“But Moses fled from the presence of Pharaoh and settled in the land of Midian, and he sat down by a well. Now the priest of Midian had seven daughters; and they came to draw water and filled the troughs to water their father’s flock. Then the shepherds came and drove them away, but Moses stood up and helped them and watered their flock. When they came to Reuel their father, he said, ‘Why have you come back so soon today?’ So they said, ‘An Egyptian delivered us from the hand of the shepherds, and what is more, he even drew the water for us and watered the flock.’ He said to his daughters, ‘Where is he then? Why is it that you have left the man behind? Invite him to have something to eat.’ Moses was willing to dwell with the man, and he gave his daughter Zipporah to Moses. Then she gave birth to a son, and he named him Gershom, for he said, ‘I have been a sojourner in a foreign land.’” (Exodus 2:15-22)
Last week we posted a story about Jochebed, Moses’ mother. Jochebed bravely gave her son up for adoption so that he could live. An Egyptian princess raised Moses. This week we will see what a good wife, Zipporah, God gave to Moses.
When he grew up he saw an Egyptian beating a Hebrew slave. Moses killed the Egyptian and hid him in the sand. Pharaoh found out about it and tried to kill Moses, so Moses fled to Midian.
The Midianites occupied desert land in the Sinai Peninsula. Many years before this the land had been mined for semi-precious stones. By this time it was pretty desolate. It was occupied by a few sheepherders.
When Moses arrived he helped seven women water their flock. Isn’t it interesting that God found wives for Isaac (Rebekah) and Jacob (Rachel) in the same manner. Perhaps God wanted strong, hardworking wives for these men.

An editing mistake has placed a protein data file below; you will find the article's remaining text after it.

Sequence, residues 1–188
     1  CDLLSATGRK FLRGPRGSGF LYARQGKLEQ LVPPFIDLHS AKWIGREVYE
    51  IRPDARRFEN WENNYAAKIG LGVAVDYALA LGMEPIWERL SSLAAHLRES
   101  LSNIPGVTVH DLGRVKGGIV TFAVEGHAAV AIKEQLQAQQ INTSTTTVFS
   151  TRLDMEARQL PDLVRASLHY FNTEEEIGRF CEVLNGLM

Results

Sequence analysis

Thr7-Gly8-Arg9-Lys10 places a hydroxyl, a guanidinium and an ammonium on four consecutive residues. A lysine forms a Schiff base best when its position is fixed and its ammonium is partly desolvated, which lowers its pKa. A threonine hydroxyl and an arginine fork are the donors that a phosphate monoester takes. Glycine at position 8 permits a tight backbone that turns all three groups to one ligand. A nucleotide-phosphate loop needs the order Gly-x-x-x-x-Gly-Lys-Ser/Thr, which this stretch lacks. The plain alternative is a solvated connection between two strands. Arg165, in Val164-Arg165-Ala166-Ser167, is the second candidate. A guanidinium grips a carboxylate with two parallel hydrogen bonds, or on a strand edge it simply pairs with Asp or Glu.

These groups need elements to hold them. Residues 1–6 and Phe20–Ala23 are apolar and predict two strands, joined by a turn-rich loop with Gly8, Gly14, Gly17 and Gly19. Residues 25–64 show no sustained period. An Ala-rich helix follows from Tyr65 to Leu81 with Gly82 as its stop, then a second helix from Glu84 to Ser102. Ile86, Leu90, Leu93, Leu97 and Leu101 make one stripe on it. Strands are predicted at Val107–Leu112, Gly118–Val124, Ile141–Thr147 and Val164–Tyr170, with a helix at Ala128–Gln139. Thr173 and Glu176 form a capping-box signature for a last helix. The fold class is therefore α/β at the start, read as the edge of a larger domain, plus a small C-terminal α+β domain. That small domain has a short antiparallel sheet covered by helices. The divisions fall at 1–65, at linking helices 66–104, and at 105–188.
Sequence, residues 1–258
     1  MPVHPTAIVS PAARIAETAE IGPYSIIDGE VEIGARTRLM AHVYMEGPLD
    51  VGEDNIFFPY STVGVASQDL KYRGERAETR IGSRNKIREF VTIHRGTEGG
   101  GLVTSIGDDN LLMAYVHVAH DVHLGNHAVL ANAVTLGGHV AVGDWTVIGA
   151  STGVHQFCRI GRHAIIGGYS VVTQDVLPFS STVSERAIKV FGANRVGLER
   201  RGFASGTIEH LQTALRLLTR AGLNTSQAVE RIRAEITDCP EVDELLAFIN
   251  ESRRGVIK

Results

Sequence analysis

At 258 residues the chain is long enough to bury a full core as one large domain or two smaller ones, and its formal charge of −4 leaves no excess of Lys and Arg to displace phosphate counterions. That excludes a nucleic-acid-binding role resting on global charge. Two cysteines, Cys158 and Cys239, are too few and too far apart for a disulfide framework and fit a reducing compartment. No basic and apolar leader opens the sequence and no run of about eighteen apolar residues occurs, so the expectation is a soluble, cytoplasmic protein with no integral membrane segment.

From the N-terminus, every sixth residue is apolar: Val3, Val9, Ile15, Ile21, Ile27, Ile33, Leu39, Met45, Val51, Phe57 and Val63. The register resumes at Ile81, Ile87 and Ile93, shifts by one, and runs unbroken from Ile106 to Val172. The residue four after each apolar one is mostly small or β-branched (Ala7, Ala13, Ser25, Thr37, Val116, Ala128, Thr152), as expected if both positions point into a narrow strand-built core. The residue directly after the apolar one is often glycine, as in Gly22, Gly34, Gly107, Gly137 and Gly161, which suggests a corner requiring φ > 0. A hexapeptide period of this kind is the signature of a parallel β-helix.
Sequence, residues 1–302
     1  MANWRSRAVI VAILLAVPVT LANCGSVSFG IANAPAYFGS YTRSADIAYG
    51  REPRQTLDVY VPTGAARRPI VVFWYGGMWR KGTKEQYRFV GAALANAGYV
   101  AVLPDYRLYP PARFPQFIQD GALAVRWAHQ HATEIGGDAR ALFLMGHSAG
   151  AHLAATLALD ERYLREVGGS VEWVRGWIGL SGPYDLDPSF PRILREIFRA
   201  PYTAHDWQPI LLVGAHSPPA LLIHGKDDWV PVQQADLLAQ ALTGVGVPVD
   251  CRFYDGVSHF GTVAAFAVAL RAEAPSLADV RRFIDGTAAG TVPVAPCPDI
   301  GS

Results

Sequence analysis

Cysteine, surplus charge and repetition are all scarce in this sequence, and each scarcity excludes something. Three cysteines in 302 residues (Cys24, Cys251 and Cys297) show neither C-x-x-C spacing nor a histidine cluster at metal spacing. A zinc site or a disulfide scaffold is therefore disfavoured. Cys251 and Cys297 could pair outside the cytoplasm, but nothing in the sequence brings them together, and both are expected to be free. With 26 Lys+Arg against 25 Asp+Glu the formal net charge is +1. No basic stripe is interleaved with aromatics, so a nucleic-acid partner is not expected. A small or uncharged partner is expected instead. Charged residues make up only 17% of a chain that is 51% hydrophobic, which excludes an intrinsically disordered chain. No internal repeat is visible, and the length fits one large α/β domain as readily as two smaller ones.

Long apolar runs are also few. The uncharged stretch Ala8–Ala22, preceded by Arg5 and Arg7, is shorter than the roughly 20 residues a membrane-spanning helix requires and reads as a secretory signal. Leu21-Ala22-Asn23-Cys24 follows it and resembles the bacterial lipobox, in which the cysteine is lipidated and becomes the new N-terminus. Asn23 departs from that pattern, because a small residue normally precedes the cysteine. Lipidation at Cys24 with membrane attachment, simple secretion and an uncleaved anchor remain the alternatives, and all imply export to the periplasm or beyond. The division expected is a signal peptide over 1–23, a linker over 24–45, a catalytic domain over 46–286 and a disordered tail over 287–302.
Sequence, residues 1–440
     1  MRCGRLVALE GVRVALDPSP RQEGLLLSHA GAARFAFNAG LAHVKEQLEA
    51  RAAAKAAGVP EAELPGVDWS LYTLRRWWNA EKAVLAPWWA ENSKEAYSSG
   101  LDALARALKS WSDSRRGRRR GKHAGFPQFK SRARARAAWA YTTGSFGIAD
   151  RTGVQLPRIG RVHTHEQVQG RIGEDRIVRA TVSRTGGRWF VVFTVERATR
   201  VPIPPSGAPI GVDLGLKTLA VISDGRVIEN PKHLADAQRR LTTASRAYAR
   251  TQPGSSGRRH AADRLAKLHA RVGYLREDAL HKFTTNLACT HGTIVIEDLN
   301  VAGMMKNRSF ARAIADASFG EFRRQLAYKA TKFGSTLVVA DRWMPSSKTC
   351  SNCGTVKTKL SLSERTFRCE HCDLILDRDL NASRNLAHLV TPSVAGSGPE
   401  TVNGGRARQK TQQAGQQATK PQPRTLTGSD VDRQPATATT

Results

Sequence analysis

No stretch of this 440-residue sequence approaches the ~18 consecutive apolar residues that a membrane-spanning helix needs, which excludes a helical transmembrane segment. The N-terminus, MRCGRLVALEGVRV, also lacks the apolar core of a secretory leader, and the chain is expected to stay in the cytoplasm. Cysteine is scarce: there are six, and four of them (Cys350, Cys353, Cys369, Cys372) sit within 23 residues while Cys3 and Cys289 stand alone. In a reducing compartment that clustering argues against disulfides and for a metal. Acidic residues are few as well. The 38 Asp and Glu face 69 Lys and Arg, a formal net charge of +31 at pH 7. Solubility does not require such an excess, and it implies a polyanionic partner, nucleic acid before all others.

Anyway, Reuel (also called Jethro) had seven daughters and he gave his daughter, Zipporah, to Moses to be his wife. Zipporah’s name is translated “bird”. As she fiercely protected her husband and her sons she lived up to her name. Moses and Zipporah had two sons, Gershom and Eliezer.
Moses was content to live with Zipporah’s father and care for the sheep. One day God called Moses for the special task of delivering the people out from under the bondage of the Egyptians. Moses went to his father-in-law and asked for permission to leave. In the meantime the Pharaoh who had wanted to kill Moses had died, so it was safe for him to return to Egypt.
Jethro gave his permission and Moses, Zipporah and the boys left for Egypt.
Along the way a disturbing event took place. “Now it came about at the lodging place on the way that the Lord met him and sought to put him to death.” (Exodus 4:24) Apparently Moses had not circumcised his sons. We really don’t know why. Certainly Moses had been circumcised by his parents. He knew how important it was. Maybe he just didn’t get around to it. Maybe he didn’t think about it because his Egyptian family did not circumcise boys. Probably the Midianites didn’t either. But that was no excuse.